The engaging principle of Beryl Cook's work is voyeurism. We are for ever catching her subjects unaware or seeing what we should not. One of her books is called Private View. The habit of peeping is most explicit in a glimpse Through the Keyhole: what we see is not quite clear because it is partial, nor can the artist tell us, but it involves fully dressed adults with feet in the air; a companion painting shows a plump nude woman looking through the keyhole from the other side and has the caption And this is the butler. The dark suit is used with the accessories of bowler hat and rolled umbrella as symbols of outward respectability in the painting My Fur Coat: this shows the rear view of a woman opening her coat to compel the attention of a gentleman passer-by who bears an uncanny resemblance to one of the evangelists who appears on the artist’s doorstep in Divine Visitation. Thus the tables are turned on the moralizers. Beryl Cook’s own perspective on post-modern morality is tolerant but she invites representatives of moral rectitude and shows how they too are susceptible to worldly temptations. She looks to those who might disapprove and tests their limits. The juxtaposition of the religious presence and lost souls is affectionately portrayed in Salvation Army and The War Cry. But other images are more confrontationary: in Ladies of the Watchtower we stand with Beryl Cook as she opens her front door and we find ourselves eyeball to eyeball with a pair of Jehovah's Witnesses. Of this work the artist explains:

I don't often paint from sheer malice, but this was an exception. I grew to hate these two Jehovah's Witness campaigners who were always coming to the door and pestering me. After several reasonably polite requests to them not to call on me, I once again opened the door and found them there - side by side, leaflets extended. Slamming he door, I vowed "I'll get you"… and I did.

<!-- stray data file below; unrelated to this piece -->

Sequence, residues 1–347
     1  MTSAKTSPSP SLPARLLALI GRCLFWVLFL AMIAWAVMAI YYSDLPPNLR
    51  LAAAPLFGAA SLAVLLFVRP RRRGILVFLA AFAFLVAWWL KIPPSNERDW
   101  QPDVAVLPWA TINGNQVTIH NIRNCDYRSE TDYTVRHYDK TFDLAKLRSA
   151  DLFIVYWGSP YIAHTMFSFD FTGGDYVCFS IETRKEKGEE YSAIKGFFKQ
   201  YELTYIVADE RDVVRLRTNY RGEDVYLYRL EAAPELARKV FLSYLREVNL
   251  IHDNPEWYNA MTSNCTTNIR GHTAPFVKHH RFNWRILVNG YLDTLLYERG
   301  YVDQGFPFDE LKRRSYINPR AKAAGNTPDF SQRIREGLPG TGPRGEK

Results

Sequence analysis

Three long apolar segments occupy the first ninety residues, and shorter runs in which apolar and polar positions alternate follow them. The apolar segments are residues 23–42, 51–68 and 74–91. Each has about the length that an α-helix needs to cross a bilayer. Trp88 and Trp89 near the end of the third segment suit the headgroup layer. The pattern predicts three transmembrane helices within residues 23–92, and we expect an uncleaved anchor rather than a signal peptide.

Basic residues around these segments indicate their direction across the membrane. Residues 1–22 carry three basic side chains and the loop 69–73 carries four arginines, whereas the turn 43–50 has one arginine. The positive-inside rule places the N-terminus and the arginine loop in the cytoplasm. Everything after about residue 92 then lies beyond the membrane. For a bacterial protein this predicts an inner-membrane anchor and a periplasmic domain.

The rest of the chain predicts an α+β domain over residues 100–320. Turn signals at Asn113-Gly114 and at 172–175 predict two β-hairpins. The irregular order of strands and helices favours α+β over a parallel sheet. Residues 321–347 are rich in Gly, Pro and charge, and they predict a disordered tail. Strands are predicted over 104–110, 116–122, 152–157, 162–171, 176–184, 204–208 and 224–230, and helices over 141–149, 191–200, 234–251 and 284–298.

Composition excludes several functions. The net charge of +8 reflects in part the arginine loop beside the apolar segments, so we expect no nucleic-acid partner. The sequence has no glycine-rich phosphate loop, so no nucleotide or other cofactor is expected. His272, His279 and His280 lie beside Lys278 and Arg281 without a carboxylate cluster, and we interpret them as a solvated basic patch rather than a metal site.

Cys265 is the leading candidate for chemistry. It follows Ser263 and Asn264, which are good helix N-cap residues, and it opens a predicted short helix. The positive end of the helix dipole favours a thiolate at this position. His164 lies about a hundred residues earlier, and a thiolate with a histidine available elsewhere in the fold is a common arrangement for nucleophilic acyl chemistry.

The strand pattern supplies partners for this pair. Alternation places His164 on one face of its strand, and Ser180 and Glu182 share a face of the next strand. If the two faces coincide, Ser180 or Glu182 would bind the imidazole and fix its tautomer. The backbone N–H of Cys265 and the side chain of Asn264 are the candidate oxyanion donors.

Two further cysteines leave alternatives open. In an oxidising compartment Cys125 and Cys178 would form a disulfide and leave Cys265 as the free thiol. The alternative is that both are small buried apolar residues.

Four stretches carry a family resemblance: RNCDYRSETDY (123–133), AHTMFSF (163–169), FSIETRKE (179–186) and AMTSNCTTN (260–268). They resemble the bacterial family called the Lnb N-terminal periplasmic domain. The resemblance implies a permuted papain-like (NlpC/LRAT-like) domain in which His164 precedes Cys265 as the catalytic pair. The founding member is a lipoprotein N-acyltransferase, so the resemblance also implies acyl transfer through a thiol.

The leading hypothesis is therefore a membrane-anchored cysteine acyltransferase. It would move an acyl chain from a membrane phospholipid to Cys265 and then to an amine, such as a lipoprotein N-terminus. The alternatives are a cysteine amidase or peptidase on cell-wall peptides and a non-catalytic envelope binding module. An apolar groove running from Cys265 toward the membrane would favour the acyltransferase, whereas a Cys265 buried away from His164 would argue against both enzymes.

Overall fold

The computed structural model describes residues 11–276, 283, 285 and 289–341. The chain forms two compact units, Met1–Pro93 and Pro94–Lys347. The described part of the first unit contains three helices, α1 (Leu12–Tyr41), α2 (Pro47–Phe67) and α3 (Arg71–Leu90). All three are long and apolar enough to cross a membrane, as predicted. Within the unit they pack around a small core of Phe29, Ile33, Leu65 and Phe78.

Her vignettes of human behaviour in pubs and parks represent those very activities upon which world-rejecting sects issue their taboos. Accordingly, religion is featured in its more censorious, conversionist and intrusive forms. These stereotypes are, of course, a caricature of Christian faith and practice but the notion that religion is about condemnation is by no means confined to Beryl Cook. She paints in the intellectual tradition of Nietzsche who protested against religions for their suppression of the exercise of human instincts: their ideal, he alleged, was the eunuch.

The melodrama that Beryl Cook glimpses is rehearsed in the Gospel narratives. The Pharisees are vigilant and reactive as hawks when Jesus keeps the company of publicans and sinners. In the western tradition, Mary Magdalene has belonged to the class of those whom Beryl Cook observes but the tendency has been to value rather than condemn her.

And in art Beryl Cook's perspective is anticipated by Brueghel's The Battle between Carnival and Lent in the Kunsthistorisches Museum in Vienna. It shows emaciated grey churchgoers leaving their place of worship and entering a town square where the unchurched eat, drink and make merry. It is proposed to dwell upon Brueghel's image in a later article in this series.

Roger Homan is Professor of Religious Studies at the University of Brighton and author of The Art of the Sublime: Principles of Christian Art & Architecture, (Ashgate, 2006).


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Her art may be excellent, but that doesn't mean that what it says is true. The Marxists knew all about art as propaganda.

Posted by: Robert H. Olley at June 12, 2005 10:12 PM